The anti-CD123 antibodies and mimetics may be labeled by a variety of means for use in diagnostic and/or pharmaceutical applications. There are many different labels and methods of labeling known to those of ordinary skill in the art. Examples of the types of labels which can be used in the present invention include enzymes, radioisotopes, fluorescent compounds, colloidal metals, chemiluminescent compounds, and bioluminescent compounds. Those of ordinary skill in the art will know of other suitable labels for binding to the CD123 binding compound, such as monoclonal antibodies, or mimetics thereof, or will be able to ascertain such, using routine experimentation. Furthermore, the binding of these labels to the CD123 specific compounds or their mimetics can be done using standard techniques common to those of ordinary skill in the art.

In the case of antibodies, another labeling technique which may result in greater sensitivity consists of coupling the antibodies or mimetics to low molecular weight haptens. These haptens can then be specifically altered by means of a second reaction. For example, it is common to use haptens such as biotin, which reacts with avidin, or dinitrophenol, pyridoxal, or fluorescein, which can react with specific anti-hapten antibodies.

Diagnostic and Treament Kits

The materials for use in the assay of the invention are ideally suited for the preparation of a kit. Such a kit may comprise a carrier means being compartmentalized to receive in close confinement one or more container means such as vials, tubes, and the like, each of the container means comprising one of the separate elements to be used in the method. For example, one of the container means may comprise a compound that binds to CD123, such as a monoclonal antibody, or a mimetic thereof, which is, or can be, detectably labeled with a label that is suitable for diagnostic purposes or if treatment is desired, a cytotoxic or impairing agent. In the case of a diagnostic kit, the kit may also have containers containing buffer(s) and/or a container comprising a reporter-means, such as a biotin-binding protein, such as avidin or streptavidin, bound to a reporter molecule, such as an enzymatic or fluorescent label. In addition to the chemical material, of course a means of instructions for using the kit is included, preferably for either diagnosing leukemia, or treating leukemia. The instruction means may be written on the vial, tube and the like, or written on a separate paper, or on the outside or inside of the container. The instructions may also be in the form of a multi-media format, such as CD, computer disk, video and so on.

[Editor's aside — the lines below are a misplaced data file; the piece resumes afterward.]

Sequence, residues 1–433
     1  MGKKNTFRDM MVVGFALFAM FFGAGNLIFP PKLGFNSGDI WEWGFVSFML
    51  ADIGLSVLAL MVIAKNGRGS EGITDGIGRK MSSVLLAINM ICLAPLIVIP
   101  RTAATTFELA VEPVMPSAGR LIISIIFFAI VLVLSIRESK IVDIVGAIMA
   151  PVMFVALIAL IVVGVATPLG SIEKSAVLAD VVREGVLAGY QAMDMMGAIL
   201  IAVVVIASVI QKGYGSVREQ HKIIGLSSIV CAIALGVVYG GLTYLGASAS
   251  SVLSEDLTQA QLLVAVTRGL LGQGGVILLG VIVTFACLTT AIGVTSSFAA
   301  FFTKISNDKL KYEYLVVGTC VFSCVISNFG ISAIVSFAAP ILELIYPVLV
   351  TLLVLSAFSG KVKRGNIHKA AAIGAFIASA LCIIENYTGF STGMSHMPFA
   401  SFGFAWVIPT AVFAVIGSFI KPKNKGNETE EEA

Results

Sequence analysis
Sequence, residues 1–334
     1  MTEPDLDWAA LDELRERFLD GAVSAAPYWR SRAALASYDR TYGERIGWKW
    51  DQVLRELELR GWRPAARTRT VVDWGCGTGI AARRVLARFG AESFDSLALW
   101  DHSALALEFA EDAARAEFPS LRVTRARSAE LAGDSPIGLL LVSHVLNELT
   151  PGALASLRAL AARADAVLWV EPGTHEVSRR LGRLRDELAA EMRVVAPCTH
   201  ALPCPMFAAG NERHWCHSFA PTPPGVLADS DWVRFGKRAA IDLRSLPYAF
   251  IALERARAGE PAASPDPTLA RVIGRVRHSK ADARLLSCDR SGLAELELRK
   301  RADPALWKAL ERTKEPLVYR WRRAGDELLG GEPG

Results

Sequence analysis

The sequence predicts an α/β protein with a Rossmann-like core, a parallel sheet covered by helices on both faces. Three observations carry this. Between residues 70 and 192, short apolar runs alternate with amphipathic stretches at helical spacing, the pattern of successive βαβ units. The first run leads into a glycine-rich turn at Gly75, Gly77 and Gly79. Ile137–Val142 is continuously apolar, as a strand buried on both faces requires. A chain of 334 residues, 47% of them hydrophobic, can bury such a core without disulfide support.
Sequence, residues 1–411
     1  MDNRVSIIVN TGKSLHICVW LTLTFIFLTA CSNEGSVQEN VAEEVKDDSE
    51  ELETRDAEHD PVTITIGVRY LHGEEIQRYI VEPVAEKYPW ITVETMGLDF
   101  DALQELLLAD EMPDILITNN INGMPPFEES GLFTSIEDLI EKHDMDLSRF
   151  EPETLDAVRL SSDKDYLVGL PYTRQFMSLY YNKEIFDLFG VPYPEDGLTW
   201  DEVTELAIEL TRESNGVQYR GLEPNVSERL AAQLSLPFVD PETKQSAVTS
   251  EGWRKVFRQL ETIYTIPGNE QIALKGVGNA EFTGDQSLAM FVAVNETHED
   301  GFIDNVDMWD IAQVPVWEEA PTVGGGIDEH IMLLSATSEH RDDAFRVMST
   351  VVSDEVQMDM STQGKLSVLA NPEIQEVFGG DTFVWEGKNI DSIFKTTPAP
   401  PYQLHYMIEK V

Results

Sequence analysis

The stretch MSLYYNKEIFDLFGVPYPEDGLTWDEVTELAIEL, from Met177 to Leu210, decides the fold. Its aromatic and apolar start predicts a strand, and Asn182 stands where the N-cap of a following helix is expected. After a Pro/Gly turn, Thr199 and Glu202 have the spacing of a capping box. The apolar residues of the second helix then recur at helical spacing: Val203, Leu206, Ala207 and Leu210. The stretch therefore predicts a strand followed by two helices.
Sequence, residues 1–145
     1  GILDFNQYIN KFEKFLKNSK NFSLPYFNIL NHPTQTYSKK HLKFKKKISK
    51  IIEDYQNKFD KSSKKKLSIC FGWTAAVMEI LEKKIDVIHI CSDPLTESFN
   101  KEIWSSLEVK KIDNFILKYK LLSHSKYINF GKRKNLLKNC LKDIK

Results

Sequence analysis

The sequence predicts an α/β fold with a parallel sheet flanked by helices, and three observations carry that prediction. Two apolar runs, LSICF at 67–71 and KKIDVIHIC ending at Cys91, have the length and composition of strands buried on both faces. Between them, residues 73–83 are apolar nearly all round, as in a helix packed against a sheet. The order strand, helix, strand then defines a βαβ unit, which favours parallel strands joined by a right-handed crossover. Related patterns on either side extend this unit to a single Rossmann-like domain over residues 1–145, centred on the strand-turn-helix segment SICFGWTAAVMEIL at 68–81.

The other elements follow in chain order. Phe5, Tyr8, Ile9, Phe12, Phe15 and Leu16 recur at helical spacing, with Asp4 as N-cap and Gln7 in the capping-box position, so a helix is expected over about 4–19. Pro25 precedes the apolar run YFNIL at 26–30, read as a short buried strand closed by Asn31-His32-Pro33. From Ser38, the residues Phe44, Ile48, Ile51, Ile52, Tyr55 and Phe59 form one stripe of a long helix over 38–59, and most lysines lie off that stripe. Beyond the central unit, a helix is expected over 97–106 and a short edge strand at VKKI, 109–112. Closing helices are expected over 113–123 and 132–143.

Preparation of Immunotoxins

While the preparation of immunotoxins is, in general, well known in the art (see, e.g., U.S. Pat. No. 4,340,535, and EP 44167, both incorporated herein by reference), the inventors are aware that certain advantages may be achieved through the application of certain preferred technology, both in the preparation of the immunotoxins and in their purification for subsequent clinical administration. For example, while IgG based immunotoxins will typically exhibit better binding capability and slower blood clearance than their Fab' counterparts, Fab' fragment-based immunotoxins will generally exhibit better tissue penetrating capability as compared to IgG based immunotoxins.

Additionally, while numerous types of disulfide-bond containing linkers are known which can successfully be employed to conjugate the toxin moiety with the binding agent, certain linkers will generally be preferred over other linkers, based on differing pharmacologic characteristics and capabilities. For example, linkers that contain a disulfide bond that is sterically "hindered" are to be preferred, due to their greater stability in vivo, thus preventing release of the toxin moiety prior to binding at the site of action.